All I Could Do Was to Sit, Sit, Sit, Sit

When I received the results it was just a few weeks before I discovered I was pregnant with my third child, Grace. The genetic tests showed I had a mutation now known as Lynch Syndrome (or hereditary nonpolyposis colorectal cancer (HNPCC)). As my OB outlined the risks for me developing ovarian, uterine, colon, bladder, and several other cancers, I mentally weighed the statistics. For women with the MSH6 mutation, nearly 30+% chance of developing colorectal cancer before age 70? That’s not so bad. Right? And 61% chance of uterine cancer by age 70+? I’ll just have a hysterectomy.

The solutions seemed so simple: Prevention — regular check-ups, tests, and surgery.

Then, a year and a half later, my sister was diagnosed with colon cancer. She was 39. Not even two years older than me. And she had the same mutation as well. But the ground hadn’t even begun to fall out from under us.

After speaking with one of our paternal aunts, my sister learned that some of our grandmother’s sisters and brothers (the few who were still alive), as well as their children (and grandchildren) had tested positive for Lynch Syndrome. More and more incidents of cancer were popping up — even for the relatives who tested negative for Lynch! And my sister and I hadn’t a clue. No one had ever mentioned it, not even about the genetic mutation being passed down generation after generation.

It was as if my entire extended family had put their collective head in the sand, like ostriches. You can’t worry about or fear something if you don’t acknowledge it. It isn’t real if you don’t see it. See no evil. Hear no evil. Speak no evil.


The sun did not shine.

It was too wet to play.

So we sat in the house

All that cold, cold, wet day.

                                    -Dr. Seuss, The Cat in the Hat, 1967


It isn’t like I am in the passenger seat. I’m not even in the car that I should be driving. I’ve become a bystander watching from the side of the road. I am witness to a life I’d rather not live.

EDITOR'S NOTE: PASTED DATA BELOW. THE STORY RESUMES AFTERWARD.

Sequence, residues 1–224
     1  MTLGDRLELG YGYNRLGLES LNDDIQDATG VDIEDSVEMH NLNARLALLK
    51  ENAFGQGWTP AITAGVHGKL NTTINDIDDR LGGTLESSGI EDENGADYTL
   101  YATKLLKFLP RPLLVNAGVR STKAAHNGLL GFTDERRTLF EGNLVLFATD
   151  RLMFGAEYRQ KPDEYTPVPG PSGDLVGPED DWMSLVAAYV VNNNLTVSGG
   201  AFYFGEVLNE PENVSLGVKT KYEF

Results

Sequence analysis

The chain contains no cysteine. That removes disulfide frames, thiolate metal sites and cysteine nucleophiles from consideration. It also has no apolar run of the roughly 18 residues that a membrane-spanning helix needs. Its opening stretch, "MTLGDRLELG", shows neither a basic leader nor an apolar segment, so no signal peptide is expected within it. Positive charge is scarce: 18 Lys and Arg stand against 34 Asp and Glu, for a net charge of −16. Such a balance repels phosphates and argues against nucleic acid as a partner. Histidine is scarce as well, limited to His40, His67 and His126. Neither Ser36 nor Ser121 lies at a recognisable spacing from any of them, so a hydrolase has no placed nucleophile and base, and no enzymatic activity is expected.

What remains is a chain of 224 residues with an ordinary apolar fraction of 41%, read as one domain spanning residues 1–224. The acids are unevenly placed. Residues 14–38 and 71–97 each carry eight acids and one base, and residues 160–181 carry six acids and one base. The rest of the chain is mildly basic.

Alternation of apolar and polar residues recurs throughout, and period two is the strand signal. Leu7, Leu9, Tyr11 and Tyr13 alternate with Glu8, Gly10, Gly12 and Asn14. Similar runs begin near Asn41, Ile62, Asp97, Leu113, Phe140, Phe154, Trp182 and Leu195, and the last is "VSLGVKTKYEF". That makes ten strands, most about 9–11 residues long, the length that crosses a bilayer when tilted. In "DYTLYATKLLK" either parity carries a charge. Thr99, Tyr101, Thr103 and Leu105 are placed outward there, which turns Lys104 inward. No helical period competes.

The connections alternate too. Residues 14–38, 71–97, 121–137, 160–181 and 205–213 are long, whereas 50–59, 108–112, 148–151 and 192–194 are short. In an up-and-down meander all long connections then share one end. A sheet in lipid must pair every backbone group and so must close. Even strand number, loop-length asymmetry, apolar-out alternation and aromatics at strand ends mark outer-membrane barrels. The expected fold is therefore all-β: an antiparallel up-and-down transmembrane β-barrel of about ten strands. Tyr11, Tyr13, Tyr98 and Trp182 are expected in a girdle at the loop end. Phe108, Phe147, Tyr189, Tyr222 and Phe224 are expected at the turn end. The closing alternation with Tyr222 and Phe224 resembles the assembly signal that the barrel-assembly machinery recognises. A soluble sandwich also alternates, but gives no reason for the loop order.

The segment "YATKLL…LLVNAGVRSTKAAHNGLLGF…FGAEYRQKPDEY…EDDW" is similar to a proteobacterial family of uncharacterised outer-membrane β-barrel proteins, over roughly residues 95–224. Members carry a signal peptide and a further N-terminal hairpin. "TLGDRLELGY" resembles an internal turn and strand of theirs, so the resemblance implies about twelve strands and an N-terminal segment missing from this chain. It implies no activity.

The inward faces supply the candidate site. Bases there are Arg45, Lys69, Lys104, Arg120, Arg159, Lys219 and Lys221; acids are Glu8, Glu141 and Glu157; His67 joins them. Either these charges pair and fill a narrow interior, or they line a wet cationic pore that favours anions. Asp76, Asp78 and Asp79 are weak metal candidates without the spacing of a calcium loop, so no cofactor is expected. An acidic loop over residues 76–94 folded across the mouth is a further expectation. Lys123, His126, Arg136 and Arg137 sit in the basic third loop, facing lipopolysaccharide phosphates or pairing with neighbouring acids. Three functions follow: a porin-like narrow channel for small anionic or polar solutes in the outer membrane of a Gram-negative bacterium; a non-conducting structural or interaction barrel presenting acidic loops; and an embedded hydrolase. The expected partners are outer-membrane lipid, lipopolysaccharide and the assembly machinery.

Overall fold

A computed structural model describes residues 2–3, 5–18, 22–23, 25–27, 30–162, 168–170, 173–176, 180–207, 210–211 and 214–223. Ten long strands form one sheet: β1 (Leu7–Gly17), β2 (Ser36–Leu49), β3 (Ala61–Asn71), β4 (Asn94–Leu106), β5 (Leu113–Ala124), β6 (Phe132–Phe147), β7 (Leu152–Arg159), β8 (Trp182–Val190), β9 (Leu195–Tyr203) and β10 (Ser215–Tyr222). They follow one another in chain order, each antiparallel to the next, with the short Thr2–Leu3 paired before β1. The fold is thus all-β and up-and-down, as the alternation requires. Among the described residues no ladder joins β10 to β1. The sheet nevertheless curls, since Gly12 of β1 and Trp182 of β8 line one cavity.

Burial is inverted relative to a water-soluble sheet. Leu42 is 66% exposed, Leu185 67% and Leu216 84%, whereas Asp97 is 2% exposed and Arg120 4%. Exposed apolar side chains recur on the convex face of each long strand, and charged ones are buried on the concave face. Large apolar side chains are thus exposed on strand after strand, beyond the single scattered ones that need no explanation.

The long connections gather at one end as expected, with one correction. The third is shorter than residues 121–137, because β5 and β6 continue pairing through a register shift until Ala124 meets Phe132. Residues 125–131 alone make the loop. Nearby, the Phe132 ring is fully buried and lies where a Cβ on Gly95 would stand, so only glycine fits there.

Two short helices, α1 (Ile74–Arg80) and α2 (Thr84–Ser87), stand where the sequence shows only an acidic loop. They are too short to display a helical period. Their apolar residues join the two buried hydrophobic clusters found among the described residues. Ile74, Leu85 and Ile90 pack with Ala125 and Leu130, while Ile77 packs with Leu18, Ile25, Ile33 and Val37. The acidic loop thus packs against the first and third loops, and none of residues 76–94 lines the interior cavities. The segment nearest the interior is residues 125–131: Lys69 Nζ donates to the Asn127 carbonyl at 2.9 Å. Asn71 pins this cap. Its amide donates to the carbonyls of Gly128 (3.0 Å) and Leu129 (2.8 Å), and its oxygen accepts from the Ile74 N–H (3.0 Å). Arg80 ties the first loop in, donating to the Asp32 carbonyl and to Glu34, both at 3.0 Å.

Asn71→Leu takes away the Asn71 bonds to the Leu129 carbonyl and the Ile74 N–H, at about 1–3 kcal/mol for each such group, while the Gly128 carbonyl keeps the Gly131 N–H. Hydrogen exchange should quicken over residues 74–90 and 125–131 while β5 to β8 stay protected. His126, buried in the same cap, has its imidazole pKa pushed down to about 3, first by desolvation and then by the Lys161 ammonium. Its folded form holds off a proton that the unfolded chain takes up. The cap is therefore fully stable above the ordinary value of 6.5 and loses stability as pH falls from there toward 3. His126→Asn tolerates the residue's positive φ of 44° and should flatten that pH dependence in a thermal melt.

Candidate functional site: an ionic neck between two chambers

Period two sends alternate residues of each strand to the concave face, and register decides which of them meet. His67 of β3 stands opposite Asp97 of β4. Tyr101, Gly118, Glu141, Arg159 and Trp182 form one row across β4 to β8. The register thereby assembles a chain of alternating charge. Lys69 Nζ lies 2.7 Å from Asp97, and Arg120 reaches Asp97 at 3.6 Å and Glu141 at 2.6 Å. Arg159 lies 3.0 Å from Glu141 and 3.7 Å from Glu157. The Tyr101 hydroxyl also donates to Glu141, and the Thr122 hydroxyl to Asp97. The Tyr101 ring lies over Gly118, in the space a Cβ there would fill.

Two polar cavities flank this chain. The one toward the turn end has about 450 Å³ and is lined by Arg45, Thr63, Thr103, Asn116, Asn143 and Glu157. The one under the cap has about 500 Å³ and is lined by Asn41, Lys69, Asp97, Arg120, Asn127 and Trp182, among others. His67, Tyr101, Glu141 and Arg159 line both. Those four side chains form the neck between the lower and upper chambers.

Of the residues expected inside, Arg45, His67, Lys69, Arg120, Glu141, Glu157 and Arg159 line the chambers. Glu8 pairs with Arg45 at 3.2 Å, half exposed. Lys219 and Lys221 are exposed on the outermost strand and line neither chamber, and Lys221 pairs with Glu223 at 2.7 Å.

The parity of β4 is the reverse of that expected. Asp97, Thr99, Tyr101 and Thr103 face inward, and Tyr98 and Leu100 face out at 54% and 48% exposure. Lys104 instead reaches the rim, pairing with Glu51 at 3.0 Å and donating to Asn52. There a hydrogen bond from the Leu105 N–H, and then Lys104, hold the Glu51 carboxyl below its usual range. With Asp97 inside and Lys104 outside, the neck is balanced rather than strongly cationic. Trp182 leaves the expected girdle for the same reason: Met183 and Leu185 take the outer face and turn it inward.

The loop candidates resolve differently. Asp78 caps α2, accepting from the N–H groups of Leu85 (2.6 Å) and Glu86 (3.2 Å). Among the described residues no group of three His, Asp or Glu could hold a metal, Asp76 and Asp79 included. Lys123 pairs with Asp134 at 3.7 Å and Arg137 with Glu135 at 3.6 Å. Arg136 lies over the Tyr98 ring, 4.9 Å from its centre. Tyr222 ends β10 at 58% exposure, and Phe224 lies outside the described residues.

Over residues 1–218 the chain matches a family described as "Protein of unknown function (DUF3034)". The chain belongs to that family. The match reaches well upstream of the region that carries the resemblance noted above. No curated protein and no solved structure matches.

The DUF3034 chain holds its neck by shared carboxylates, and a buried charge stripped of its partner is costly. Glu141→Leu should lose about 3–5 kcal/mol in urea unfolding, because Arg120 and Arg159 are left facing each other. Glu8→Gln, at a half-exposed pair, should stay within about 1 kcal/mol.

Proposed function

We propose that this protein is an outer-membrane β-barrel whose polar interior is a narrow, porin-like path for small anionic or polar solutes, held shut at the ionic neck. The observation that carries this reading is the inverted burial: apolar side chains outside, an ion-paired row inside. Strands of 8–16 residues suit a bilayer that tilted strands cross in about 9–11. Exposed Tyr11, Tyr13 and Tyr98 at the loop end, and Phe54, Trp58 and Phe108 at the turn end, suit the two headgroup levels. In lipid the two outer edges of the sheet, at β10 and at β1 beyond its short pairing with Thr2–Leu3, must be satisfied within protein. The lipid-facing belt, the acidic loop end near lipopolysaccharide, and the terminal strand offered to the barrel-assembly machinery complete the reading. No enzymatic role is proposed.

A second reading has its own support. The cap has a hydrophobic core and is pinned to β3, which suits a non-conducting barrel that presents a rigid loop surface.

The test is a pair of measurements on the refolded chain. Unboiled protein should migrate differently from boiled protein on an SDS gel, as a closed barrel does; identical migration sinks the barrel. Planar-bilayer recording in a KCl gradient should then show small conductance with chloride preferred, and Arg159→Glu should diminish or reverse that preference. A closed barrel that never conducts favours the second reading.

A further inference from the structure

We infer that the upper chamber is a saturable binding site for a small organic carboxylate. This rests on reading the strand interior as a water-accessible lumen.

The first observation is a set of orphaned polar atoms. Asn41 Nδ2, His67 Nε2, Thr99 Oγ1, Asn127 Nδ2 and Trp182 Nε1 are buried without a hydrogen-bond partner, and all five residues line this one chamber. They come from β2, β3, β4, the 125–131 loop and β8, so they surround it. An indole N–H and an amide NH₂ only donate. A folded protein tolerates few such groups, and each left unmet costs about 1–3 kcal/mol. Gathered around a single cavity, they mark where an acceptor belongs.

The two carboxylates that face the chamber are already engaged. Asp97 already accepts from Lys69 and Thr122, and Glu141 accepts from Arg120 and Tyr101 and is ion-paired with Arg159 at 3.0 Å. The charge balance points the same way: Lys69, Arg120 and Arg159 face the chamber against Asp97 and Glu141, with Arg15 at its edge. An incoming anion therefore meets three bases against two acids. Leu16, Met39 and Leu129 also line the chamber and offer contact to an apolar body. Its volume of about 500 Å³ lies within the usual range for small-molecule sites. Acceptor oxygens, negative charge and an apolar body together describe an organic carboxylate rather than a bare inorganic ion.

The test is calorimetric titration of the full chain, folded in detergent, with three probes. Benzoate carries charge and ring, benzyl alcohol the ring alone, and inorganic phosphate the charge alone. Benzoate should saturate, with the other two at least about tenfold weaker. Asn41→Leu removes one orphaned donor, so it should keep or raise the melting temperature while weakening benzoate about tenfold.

[My psychologist, Dr. Jasmine, says that is my depressed brain speaking. I wish I could believe that. I want to.]



Autorun!, “Rainy Days”, 2009, Flickr,


Now there are regular colonoscopies, EGDs, skin tests, blood tests, bladder check-ups, pelvic inspections (my uterus and ovaries were removed a little over a year ago). Unfortunately, there really is no reliable prevention for pancreatic and brain cancer — some of the other cancers associated with Lynch. Both of my grandparents died from pancreatic cancer.

And then 3 months ago, at nearly the age of 39, I had my first polyp removed from the right portion of my colon, where most colon cancer grows with my particular genetic mutation. With Lynch, any polyp that develops is going to become cancerous. Usually within 3 years once it gets going.

It — and by “it” I mean cancer — isn’t a matter of if for me. Cancer is a matter of when.

And it is more than I can bear. At least right now.


So we sat in the house.

We did nothing at all.

So all we could do was to





And we did not like it.

Not one little bit.

                                               -Dr. Seuss, The Cat in the Hat, 1967

via Daily Prompt: Witness


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